Recent winter storm could be among costliest in years

The costs from an early January winter weather mix of extreme cold and wind are among the worst since the remnants of Hurricane Ike hit Ohio in early 2008, insurance and repair industry officials said.

No estimate is available, but when it all is added up, the damage is expected to be among the worst of recent storms. The Ohio Insurance Institute surveyed its members for estimates, which it does only when it expects a particularly strong and widespread impact.

The most recent weather to reach a level of note came in February 2011, when a winter storm in parts of Ohio produced at least $70.3 million in damage, according to OII.

Local insurance and repair companies have seen a boost in calls and requests that they are still working to fill.

“We’re all hands on deck,” said Jay Moran, vice president of A-Abel Companies, which provides services for a variety of needs impacted by the storm, including plumbing, heating and electricity.

The consecutive low temperatures of -10 and -9 degrees on Jan. 6 and 7 comprised one of the coldest two-day stretches in the area in the past two decades, since an eight-day stretch in 1994 produced two daily low-temperature records, of minus-25 degrees each on Jan. 18-19, 1994.

Any days with temperatures below zero are relatively rare. In all, the area saw just 283 days with temperatures below zero since 1948, according to statistics from the National Climatic Data Center. Put another way, just 1.2 percent of the previous 24,101 days had seen temperatures below zero, like those experienced in early January.

The addition of wind gusts caused more problems, officials said. Earlier this week, for instance, A-Abel needed three types of crews on a job at a senior-care facility: plumbing, electricity and heating and air.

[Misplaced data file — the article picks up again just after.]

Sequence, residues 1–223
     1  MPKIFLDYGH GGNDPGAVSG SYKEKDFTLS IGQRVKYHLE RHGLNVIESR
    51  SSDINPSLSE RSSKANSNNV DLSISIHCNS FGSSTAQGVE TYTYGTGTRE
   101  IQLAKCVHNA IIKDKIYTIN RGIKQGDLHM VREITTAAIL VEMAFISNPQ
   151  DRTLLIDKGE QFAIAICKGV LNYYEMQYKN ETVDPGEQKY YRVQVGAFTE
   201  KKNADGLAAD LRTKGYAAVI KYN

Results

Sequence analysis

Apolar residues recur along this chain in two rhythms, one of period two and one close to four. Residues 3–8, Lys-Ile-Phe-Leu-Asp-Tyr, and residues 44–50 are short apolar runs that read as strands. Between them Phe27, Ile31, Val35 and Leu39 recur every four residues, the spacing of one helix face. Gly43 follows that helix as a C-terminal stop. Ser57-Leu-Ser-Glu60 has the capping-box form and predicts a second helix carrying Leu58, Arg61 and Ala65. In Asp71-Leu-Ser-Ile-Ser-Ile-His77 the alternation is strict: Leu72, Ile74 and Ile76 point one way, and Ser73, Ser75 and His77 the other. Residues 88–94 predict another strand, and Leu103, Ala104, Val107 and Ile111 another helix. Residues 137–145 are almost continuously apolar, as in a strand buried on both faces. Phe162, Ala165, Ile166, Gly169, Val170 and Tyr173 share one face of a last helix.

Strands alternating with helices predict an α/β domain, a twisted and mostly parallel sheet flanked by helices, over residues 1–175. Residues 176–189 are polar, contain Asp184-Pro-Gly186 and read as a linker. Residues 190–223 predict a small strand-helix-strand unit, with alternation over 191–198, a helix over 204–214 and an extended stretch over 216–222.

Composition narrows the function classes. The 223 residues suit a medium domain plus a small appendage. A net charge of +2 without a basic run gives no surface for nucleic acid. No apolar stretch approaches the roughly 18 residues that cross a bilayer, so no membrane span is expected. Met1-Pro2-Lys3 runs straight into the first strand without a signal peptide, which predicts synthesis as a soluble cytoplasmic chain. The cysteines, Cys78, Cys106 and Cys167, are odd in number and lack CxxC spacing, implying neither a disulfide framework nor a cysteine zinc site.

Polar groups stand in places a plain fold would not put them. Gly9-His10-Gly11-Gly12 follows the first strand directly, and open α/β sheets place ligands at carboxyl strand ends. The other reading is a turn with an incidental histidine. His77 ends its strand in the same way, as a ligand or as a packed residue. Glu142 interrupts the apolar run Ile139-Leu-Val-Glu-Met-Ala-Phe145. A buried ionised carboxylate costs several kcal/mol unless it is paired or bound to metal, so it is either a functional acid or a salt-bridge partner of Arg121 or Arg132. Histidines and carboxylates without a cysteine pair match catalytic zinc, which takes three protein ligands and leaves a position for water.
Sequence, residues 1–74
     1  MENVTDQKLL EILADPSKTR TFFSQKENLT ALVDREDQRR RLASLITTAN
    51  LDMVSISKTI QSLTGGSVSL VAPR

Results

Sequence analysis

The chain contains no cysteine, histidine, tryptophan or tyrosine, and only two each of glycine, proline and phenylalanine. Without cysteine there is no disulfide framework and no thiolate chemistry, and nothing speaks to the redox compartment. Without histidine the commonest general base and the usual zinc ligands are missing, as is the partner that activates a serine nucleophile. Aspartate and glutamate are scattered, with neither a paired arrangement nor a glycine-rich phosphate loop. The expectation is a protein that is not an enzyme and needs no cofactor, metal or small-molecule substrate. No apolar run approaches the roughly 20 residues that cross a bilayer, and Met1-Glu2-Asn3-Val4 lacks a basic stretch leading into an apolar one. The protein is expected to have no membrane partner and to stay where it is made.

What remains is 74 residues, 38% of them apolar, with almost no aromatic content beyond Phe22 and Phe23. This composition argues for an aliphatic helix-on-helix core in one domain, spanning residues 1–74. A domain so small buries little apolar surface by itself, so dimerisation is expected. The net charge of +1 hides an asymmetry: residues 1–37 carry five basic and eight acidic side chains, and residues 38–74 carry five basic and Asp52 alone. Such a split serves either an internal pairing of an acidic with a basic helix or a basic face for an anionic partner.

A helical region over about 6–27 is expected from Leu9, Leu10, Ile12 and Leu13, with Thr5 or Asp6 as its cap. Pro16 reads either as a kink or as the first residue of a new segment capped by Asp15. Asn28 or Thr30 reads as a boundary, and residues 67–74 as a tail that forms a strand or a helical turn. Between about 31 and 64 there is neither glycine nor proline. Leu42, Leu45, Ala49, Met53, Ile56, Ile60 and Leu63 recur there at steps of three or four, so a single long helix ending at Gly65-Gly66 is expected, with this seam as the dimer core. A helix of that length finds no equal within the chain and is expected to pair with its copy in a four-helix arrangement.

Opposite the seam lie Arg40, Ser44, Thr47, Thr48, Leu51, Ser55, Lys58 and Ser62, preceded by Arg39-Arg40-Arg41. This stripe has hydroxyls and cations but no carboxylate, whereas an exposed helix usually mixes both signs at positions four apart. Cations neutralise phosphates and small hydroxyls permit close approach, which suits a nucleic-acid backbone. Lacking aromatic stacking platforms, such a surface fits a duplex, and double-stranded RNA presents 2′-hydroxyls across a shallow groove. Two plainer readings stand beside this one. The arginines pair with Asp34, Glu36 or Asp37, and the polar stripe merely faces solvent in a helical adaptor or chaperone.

The cold-wind mix produces a domino effect.

“Several things can happen,” Moran said. “If a piece of siding blows off the house, a pipe is exposed, which kills the plumbing. It also impacts the heating and air system, which can stress the electricity.”

As recently as Wednesday, New Lebanon Schools dismissed students early because of two water main breaks, one of which was called weather related. That continued a string of problems in the past two weeks that led to closures or inconveniences at places like an apartment building at Wright State, multiple buildings at the University of Dayton, the Cheesecake Factory at The Greene and two schools in the Springboro district.

Many are still cleaning up or searching out service. Dehumidifiers continued running at the downtown Dayton YMCA on Thursday as the facility deals with the aftermath of a water pipe bursting on the evening of Jan. 7.

“There’s a peek hole in a door (to a racquetball court) that’s about five feet off the ground, and one of our members said he knew it was bad when water started coming out of that hole,” said Larry Dryden, executive director of the YMCA branch.

The racquetball courts will have to be replaced, but some other potentially severe problems were avoided because firefighters, members and staff quickly pushed out loads of water that were spilling throughout the facility.

“We were back open a few days later, and they were anxious to get back,” Dryden said.

Things are still not totally back to normal, like for many in the area. Repair services have been prioritizing jobs to deal with the number of requests. Someone without heat is at the top. Someone without water is there too. Someone needing an equipment check-up or other routine service might have to wait a few days longer than normal.

Issues can also arrive after a cold winter storm thaws, because ice that has formed from water leaking into walls or other parts of structure can melt and cause issues.

“Some of the claims are the same that would see from other events, like tree limbs coming down,” said Mitch Wilson, spokesman for the OII. “Other things are specific to the cold, and there can be a number of issues that come up.”